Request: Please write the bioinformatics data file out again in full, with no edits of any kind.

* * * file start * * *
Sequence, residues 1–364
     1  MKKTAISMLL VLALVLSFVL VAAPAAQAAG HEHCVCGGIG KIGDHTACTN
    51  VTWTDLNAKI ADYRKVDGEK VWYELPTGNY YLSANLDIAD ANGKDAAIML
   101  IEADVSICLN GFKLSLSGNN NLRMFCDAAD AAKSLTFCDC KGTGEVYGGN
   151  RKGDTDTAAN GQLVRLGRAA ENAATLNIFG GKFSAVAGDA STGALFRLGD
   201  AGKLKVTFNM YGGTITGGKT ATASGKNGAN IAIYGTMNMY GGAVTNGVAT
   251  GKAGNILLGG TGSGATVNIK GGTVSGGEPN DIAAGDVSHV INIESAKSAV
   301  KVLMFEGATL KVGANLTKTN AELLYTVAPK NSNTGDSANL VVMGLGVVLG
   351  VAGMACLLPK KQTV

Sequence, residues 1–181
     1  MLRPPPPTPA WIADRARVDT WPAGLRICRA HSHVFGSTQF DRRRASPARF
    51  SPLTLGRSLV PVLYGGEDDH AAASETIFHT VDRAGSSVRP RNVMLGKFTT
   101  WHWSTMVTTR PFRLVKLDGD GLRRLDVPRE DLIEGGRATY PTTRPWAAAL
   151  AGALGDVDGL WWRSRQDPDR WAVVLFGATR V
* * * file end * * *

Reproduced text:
Sequence, residues 1–364
     1  MKKTAISMLL VLALVLSFVL VAAPAAQAAG HEHCVCGGIG KIGDHTACTN
    51  VTWTDLNAKI ADYRKVDGEK VWYELPTGNY YLSANLDIAD ANGKDAAIML
   101  IEADVSICLN GFKLSLSGNN NLRMFCDAAD AAKSLTFCDC KGTGEVYGGN
   151  RKGDTDTAAN GQLVRLGRAA ENAATLNIFG GKFSAVAGDA STGALFRLGD
   201  AGKLKVTFNM YGGTITGGKT ATASGKNGAN IAIYGTMNMY GGAVTNGVAT
   251  GKAGNILLGG TGSGATVNIK GGTVSGGEPN DIAAGDVSHV INIESAKSAV
   301  KVLMFEGATL KVGANLTKTN AELLYTVAPK NSNTGDSANL VVMGLGVVLG
   351  VAGMACLLPK KQTV

Sequence, residues 1–181
     1  MLRPPPPTPA WIADRARVDT WPAGLRICRA HSHVFGSTQF DRRRASPARF
    51  SPLTLGRSLV PVLYGGEDDH AAASETIFHT VDRAGSSVRP RNVMLGKFTT
   101  WHWSTMVTTR PFRLVKLDGD GLRRLDVPRE DLIEGGRATY PTTRPWAAAL
   151  AGALGDVDGL WWRSRQDPDR WAVVLFGATR V